The Louisiana Supreme Court decision last month in favor of charter schools is a clear victory for backers of those schools, a business lobby president said during a recent interview.
"The court ruling is a huge victory for more than 16,000 public charter school students across the state and a strong signal that Louisiana is sincere in its efforts to provide quality educational options to families," Louisiana Association of Business and Industry President and CEO Stephen Waguespack told the Louisiana Record.
The decision also clarifies under state law how charter schools may be funded, Waguespack said. "The law is now clear and our resolve should be as well," he said.
"The ruling will hopefully put an end to the efforts by some to take away school choice from Louisiana students. These lawsuits should stop and these families should no longer be left in limbo. These families deserve closure and assurance that the state will keep its promise to them."
In its opinion handed down March 13, the Louisiana Supreme Court reversed a 3-2 decision handed down in January 2017 by the state's 1st Circuit Court of Appeal that charter school funding is unconstitutional because charter schools don't meet the legal definition of public schools. In its review from the beginning, Louisiana's highest court found that state law does not prohibit allocation of state or local minimum foundation program (MFP) funding to charter schools.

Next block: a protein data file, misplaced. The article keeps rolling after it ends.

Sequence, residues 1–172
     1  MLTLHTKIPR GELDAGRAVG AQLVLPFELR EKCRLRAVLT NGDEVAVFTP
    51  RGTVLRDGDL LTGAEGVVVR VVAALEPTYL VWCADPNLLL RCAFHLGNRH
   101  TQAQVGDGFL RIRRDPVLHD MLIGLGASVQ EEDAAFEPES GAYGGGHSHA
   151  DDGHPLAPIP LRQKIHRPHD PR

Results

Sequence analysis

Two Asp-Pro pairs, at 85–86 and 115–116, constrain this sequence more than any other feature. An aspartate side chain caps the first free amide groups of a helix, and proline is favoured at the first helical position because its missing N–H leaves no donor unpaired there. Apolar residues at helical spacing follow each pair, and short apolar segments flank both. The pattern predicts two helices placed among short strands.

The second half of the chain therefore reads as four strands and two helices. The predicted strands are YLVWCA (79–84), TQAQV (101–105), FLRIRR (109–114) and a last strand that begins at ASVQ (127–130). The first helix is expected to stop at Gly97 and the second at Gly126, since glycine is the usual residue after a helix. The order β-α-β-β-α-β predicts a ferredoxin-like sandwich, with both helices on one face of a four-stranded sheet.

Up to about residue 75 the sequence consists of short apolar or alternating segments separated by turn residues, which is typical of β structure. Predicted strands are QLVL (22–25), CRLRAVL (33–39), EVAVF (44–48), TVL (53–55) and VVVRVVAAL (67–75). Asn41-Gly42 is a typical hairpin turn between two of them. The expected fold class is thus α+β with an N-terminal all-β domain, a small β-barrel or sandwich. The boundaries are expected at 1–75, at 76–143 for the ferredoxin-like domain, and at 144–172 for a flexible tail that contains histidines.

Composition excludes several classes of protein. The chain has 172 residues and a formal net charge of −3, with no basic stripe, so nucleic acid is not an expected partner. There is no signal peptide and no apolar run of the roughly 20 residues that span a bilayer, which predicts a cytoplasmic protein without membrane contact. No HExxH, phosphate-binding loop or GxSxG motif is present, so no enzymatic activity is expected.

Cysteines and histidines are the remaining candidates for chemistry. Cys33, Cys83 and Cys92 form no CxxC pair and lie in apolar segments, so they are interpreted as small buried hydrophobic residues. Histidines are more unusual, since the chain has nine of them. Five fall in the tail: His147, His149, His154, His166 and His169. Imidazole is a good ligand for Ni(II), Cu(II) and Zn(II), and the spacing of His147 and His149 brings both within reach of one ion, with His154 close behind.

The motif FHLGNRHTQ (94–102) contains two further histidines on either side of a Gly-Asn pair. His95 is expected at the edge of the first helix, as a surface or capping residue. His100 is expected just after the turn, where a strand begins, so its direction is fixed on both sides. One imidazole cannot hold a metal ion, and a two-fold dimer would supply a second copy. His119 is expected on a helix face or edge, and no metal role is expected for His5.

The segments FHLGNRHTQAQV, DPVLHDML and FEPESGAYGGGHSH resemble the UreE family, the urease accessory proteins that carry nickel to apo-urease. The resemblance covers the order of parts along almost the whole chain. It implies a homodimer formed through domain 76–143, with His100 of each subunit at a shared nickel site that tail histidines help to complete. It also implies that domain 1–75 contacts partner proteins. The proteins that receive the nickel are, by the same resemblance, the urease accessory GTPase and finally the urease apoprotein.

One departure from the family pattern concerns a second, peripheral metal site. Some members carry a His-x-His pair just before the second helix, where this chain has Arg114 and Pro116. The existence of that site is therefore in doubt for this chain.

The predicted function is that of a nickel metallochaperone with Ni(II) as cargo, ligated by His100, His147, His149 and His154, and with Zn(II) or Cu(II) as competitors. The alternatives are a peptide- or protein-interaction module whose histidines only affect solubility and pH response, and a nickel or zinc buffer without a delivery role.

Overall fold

MFP funding of charter schools had been challenged in the case by the Louisiana Association of Educators, one of two teacher unions in the state.
"While there is no definition of 'public elementary' and 'secondary schools' in the constitution, our legislature has expressed that charter schools are independent public schools," Louisiana Supreme Court Justice James T. Genovese wrote the high court's 30-page opinion. We agree with defendants' contention that affirming the court of appeal's rationale, i.e., denying MFP funding because the school is not under the jurisdiction of a parish or city school board, could potentially have adverse consequences to other charter schools, not just New Type 2 charter schools."
The plaintiffs, by contrast, "failed in their burden to prove clearly and convincingly that the constitution imposes substantive limits or requirements on how the MFP is to be developed or implemented," Justice Genovese wrote in the court's opinion.
Louisiana Supreme Court Chief Justice Bernette Joshua Johnson and Justice Jefferson D. Hughes III dissented. In her dissent, Johnson said she agreed with the 1st Circuit's ruling that the formula to fund charter schools violates the state Constitution "in that it allows the diversion of public school funds to non-public schools."
That dissent aside, the majority's opinion should send a message, Waguespack said. "This ruling will hopefully send a clear signal to all public-school educators, both charter and traditional, that Louisiana supports the concept of connecting quality teaching with student need," he said.
"A quality public education comes in all shapes and sizes and there is no one size fits all approach that works for each community. A thriving and competitive marketplace in public education can benefit educators and families alike. Louisiana has embraced this concept for decades and will continue to do so with this ruling."